Hopefully saturday he doubles that is our goal.

    He has done a WHOLE lot of work over the past 3-4 months time for three little steps. But know what, by this time next year if he continues to progress as he has, he’ll be walking.

    What did we do?

    1. He went for a battery of dietary tests including leaky gut syndrome, food sensitivities, various vitamin and compound levels. Balanced that.

    2. Change of lifestyle. No more than 1 hour of TV as the time is better spent making gains and the mono-focus of TV is not neurologically good, for anyone in fact.

    3. My fiance’ has spoken twice to the group about computer multi-processing concepts and how to apply them to our brains, a bio computer that is the most powerful multi-processing computer known to man but seldom used that way. The non-usage of this results in stress on that system and subsequent cascades of neural networks (which he worked on for many years in computers)

    4. Weight lifting (using his arms) three times daily. After 4 months leg assisted weight lifting.

    5. Motor assisted leg movement. One of the husbands of one of our RRMS women took a motion therapy device and mated a rotisserrie motor to it with variable speed. While he is sitting it WALKS his legs and feet. 45 minutes daily while he sits back, listens to classical music (no vocals) and concentrates his thoughts on helping the DEVICE help him walk.

    6. One baby aspirin a day.

    7. Glutathione supplementation, Vit D1,D2,D3 supplementation and a multivitamin

    8. Therapies targeting cognitive multiprocessing (in his case, music therapy). He was spending hours everyday online, 2-4. Now limited, 1 hour maximum. Again, Internet is like TV mono-focused brain usage. He he purchased the as seen on TV Keith Urban read, play and now learning to try compose. Music requires multiprocessing hence its broad application in stroke.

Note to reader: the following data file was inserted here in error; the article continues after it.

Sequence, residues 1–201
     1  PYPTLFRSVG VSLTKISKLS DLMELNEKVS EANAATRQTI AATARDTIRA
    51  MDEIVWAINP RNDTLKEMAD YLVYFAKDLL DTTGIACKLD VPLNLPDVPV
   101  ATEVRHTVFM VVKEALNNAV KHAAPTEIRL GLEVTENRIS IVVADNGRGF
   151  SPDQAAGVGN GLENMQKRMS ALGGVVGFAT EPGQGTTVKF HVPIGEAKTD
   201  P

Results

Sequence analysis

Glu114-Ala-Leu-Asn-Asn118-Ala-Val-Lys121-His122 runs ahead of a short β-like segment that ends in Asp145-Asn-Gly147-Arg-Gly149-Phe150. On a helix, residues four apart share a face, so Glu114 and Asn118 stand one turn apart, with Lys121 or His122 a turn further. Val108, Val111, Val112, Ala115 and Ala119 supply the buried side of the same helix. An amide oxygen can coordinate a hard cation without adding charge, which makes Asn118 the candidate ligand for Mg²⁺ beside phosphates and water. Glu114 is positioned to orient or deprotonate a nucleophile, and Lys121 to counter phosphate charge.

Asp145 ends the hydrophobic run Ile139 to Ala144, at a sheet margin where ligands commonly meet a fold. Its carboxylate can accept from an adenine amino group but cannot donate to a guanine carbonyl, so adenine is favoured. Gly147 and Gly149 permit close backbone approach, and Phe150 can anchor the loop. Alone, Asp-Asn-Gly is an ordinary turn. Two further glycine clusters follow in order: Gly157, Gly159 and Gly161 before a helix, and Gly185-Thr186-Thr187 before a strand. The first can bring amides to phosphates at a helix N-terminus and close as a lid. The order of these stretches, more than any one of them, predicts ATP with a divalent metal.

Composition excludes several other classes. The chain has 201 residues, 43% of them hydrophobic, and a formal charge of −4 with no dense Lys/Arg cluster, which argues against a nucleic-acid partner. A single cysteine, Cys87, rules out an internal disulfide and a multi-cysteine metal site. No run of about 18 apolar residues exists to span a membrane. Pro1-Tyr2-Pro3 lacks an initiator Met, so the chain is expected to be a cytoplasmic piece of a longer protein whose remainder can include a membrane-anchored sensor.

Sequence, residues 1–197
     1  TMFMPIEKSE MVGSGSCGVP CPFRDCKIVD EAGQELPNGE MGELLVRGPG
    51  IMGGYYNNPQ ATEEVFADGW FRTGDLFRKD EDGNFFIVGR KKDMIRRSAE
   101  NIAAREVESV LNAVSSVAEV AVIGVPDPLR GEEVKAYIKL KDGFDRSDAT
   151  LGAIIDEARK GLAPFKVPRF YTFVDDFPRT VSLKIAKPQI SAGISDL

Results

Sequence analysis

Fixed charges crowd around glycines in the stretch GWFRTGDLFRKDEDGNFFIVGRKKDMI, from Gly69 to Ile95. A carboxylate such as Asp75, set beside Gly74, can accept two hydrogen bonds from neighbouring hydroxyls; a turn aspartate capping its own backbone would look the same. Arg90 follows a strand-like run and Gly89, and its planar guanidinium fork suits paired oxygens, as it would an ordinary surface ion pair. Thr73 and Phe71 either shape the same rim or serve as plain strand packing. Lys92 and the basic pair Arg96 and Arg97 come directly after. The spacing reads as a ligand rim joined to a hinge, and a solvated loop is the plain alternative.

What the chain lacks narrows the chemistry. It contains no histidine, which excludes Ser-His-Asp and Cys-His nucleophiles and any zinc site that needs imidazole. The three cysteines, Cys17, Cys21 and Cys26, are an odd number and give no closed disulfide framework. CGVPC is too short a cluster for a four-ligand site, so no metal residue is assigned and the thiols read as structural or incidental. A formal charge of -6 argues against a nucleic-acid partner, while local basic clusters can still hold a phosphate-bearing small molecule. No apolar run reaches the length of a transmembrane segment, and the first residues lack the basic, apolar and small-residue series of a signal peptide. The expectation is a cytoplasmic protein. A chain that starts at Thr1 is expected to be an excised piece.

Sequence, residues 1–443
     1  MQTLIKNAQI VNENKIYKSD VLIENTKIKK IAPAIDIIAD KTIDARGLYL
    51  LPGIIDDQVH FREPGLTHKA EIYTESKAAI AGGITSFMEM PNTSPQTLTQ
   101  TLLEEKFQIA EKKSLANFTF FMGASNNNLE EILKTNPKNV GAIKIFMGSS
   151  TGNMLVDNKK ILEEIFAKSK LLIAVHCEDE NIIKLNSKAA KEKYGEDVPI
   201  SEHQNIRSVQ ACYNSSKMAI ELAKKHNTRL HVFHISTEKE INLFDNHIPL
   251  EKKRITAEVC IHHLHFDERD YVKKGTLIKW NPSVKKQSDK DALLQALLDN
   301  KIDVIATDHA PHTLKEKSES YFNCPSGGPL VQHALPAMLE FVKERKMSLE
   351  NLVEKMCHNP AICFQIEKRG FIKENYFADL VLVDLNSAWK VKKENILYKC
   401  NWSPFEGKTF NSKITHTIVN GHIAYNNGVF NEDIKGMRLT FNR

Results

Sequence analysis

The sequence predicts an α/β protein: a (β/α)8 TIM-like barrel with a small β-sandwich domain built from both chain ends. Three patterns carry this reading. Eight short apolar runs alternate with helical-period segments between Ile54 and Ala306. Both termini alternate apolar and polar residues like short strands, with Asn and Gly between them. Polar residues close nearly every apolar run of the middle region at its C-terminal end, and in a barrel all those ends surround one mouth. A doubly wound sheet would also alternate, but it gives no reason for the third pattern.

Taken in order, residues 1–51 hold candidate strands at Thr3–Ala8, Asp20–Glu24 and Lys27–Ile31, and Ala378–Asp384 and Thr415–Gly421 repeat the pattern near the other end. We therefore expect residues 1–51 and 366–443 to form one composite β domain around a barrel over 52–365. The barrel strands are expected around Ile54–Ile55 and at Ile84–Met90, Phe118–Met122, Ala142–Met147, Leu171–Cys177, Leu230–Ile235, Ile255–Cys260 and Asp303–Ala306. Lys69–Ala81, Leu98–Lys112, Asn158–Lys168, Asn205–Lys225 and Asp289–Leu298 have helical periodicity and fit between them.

9. Mindfullness – The brain is a computer capable of self-modifying code (per se). When he engages in ALL therapies, after completion he takes 10-15 minutes of mental imagery “Seeing” the results. Aka: Visioning new neuron birthing, visioning walking, associating aspects of his brain to the real world and “seeing” reparations.

    10. LIVE interactions with people NOT phone, not TV, not Internet at least twice weekly. One is at the support group weekly or bi-weekly. But MANDATED. Twice a week MUST GET OUT and SOCIALIZE.


    First, its simply a good thing towards quality of life. On the more phsyiological aspect… Our brains are DESIGNED to interact with one another and they are NOT DESIGNED to interact via things such as social media, again, mono (meaning ONE) focused inputs or outputs. Mood of the BRAIN fosters DEVELOPMENT of the brain. Depression, all the “negatives” of mood/mindfull state work AGAINST new neuron birthing, multi-processing, multi-state function.

    Contrary to what most of the MS community does online in peer to peer support in trying help one another over humps that is placebo based. Its MOMENTARY and NOT SUSTAINED. Turns into a “addiction like state” and NOT a SUSTAINABLE EMOTIONAL STATE. VERY VERY VERY IMPORTANT.

    The KEY is to get that SUSTAINED POSITIVE EMOTIONAL STATE as THAT is a large part of the FOUNDATION to begin MAKE GAINS as noted in ways above and more than likely hundreds more.

    View it like Christ said. “Everyone then who hears these words of mine and does them will be like a wise man who built his house on the rock. And the rain fell, and the floods came, and the winds blew and beat on that house, but it did not fall, because it had been founded on the rock. And everyone who hears these words of mine and does not do them will be like a foolish man who built his house on the sand. And the rain fell, and the floods came, and the winds blew and beat against that house, and it fell, and great was the fall of it.”

    11. Spirituality. We are NOT simply chemical compounds. We are electrical, we have spirit and are alive. That which makes you is not simply chemicals and electricity. Again, this too is FOUNDATIONAL towards wellness and quality of life.

    “The two most important days of your life is the day you were born and the day you find out why” – Mark Twain

    You can NEVER EVER find number two in that statement without #11 above.

    Spiritual HEALING is NOT what you see in TV evangelical. But, it is QUITE REAL as has been shown countless times in REAL medical practice. aka: MIND <—- SEE THAT, BODY <—- SEE THAT? SOUL <—- SEE THIS!!!

    ALL THREE. If ANY of the three are not in the mix, all the others FAIL.


    • Tim Bossie says:

      Hi Cynthia! Thank you for the in-depth comment and giving us a glimpse of this fascinating study. Very interesting to see how real social interactions and the limiting of television played a major role in this person’s improvements. I guess that shows you that most of what is on TV isn’t all that good for us. 🙂